9 The consumers modelled in this analysis have certain unique usage profiles. These profiles may not be universally representative of members of NMA and are certainly not representative of all consumers served by the electricity distributors. Therefore the results shown in the present report may not apply equally to all NMA members and can certainly not be used to make statements about general price increases in the electricity industry. 4 BACKGROUND 4.1 NAMPOWER TREND Figure 5: NamPower Average Price 1 The above figure shows the development of NamPower s revenue per kwh sold (derived from NamPower s annual reports). This shows that since 1995 the bulk electricity price has gone up by a factor of more than 5 and since 2004 it has more than doubled. It is also evident that the rate of increase has been higher in the last few years than in the decade before. All electricity distributors (from whom the NMA members buy their electricity) buy their bulk electricity from NamPower. Usually the bulk electricity cost makes up between 50% to 70% of a distributor s cost. 1 The years in this chart refer to NamPower s financial year ending in June of the referenced year, i.e applies to NamPower s 2010/2011 financial year. The figures for 2011/12 are not yet publicly available at time of writing. Data source is the NamPower annual reports. November 2012 Page 9 of 21

10 Figure 6: Namibia Electricity Sourcing One key factor influencing NamPower price development is the demand growth experienced in the last decade, coupled with increasing reliance on imports of electricity which carry sharply increasing costs. Although the growth curve has slowed from 2008 it has picked up again with the new mines being developed in Namibia. Most growth in electricity demand in Namibia now has to be supplied from imports (because little additional generating capacity has been developed in Namibia). If those imports happen at peak or standard times (in TOU terms) then they often carry high prices, which in turn drives up the average cost of bulk electricity in the country. The additional turbine being installed at Ruacana will help provide power at peak times at a more reasonable rate, and the new diesel power station in Walvis Bay will also help provide power at peak times (although at a fairly high cost). Despite these initiatives by NamPower the role of imports will be big until a larger base load power station is built in Namibia. 4.2 GENERAL ELECTRICITY PRICE DEVELOPMENTS IN NAMIBIA Figure 7: Namibia Electricity Price Development November 2012 Page 10 of 21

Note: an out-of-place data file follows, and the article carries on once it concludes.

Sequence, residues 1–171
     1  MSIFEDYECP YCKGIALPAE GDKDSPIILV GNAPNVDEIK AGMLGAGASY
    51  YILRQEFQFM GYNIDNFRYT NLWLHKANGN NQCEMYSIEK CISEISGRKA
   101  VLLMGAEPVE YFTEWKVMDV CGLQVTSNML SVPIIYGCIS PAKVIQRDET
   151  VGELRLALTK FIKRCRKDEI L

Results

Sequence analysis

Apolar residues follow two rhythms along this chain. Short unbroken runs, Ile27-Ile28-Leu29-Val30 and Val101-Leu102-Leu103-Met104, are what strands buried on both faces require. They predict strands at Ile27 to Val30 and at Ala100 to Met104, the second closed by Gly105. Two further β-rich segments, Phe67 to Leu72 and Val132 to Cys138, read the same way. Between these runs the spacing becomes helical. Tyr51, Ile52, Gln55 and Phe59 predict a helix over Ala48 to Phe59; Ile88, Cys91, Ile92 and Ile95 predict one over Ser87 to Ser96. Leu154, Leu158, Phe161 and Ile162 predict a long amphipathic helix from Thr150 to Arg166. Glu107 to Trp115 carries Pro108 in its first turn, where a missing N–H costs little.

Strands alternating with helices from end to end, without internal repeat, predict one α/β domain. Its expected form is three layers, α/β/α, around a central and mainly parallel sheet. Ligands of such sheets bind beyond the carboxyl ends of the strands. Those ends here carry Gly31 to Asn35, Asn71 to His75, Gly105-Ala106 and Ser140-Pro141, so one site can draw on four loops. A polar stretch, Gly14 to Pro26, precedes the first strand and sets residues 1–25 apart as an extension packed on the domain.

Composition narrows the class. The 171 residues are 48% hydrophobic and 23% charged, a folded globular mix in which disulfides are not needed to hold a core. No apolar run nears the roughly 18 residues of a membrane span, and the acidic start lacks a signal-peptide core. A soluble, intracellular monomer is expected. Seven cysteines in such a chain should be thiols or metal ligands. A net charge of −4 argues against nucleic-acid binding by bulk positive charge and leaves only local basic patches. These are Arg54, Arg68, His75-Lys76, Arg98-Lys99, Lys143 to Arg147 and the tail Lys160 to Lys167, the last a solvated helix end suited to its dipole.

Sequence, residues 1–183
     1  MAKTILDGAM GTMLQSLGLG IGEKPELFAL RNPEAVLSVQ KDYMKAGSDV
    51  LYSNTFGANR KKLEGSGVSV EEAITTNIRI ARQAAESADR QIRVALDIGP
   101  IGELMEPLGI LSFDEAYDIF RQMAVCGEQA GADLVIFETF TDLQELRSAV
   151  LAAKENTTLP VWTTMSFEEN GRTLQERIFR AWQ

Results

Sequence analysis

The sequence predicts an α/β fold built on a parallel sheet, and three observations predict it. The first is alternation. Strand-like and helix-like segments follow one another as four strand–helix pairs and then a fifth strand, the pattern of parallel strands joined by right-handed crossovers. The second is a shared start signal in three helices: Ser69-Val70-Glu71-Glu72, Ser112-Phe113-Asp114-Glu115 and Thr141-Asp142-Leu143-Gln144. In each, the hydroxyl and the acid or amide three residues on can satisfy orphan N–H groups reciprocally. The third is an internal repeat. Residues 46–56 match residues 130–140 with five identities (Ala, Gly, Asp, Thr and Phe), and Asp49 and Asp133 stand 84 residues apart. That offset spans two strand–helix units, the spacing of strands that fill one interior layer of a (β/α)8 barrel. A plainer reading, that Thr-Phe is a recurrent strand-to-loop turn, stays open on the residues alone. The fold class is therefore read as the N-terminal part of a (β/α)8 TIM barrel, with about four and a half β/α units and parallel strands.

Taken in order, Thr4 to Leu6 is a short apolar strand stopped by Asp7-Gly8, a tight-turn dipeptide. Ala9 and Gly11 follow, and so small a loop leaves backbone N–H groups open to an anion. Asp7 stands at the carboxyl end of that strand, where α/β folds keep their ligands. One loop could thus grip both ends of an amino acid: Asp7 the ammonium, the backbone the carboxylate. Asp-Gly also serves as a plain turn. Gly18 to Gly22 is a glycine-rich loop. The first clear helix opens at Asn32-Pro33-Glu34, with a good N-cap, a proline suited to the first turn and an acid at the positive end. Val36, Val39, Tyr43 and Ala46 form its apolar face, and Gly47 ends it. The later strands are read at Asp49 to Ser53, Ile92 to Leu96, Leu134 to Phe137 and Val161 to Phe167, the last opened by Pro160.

11 Figure 7 above shows the electricity price index since 2006/7 per distribution area. It shows that for all areas except NORED the price has more than doubled since 2006/7. During the same time the NamPower price has increased by a factor of about DOMESTIC VS COMMERCIAL PRICES Figure 8: Commercial vs Residential Tariffs in Namibia Figure 8 shows the difference between commercial (large power user) and domestic tariffs in the sample of Namibian distributors. In Namibia the residential tariffs are higher than the commercial tariffs except for Tsumeb (CENORED) and Oshakati. The residential tariff used as reference is the prepaid tariff applicable at 500kWh/month. Generally the difference between the commercial and domestic tariffs in Namibia is not huge. Figure 9: Commercial vs Residential Tariffs in RSA Figure 9 shows the difference between large power user and domestic tariffs in South Africa. As in Namibia the difference between commercial and domestic tariffs is not large. November 2012 Page 11 of 21

12 5 KEY FINDINGS 5.1 THE TARIFFS The table below shows the tariffs of the various Namibian and RSA distributors that we have obtained. Figure 10: Electricity Tariffs Large Power User Tariff Basic N$/month Demand N$/kVA/ month Access N$/kVA/ month Non-TOU Energy c/kwh Energy Hi Peak Energy Hi Standard Energy Hi Off-peak Energy Lo Peak Energy Lo Standard Energy Lo Off-peak Citypower JHB Port Elizabeth Bloemfontein Kimberley Potchefstroom Eskom Demand Access Windhoek Walvis Bay Tsumeb Oshakati NORED NamPower Botswana From the above table one can make the following observations: Demand charges in RSA are no longer necessarily lower than in Namibia. Energy charges in RSA are generally lower than Namibia, however not in all cases. Demand charges vary substantially between distributors, both in RSA and Namibia Electricity tariffs in Botswana are lower than those in both RSA and Namibia (although the demand charge has risen to a comparable level). 5.2 COMPARING NAMIBIA TO ITS NEIGHBOURS The figure below shows the average monthly electricity bill that would be experienced by the six sample consumers if they were supplied by the selected South African or Namibian distributors or by BPC. The load factor for the sample consumers is also shown on the chart to illustrate the effect that load factor can have on average electricity cost. Load 2 factor is a measure of the utilisation of purchased capacity (maximum demand). 2 See section 9.6 for a definition. November 2012 Page 12 of 21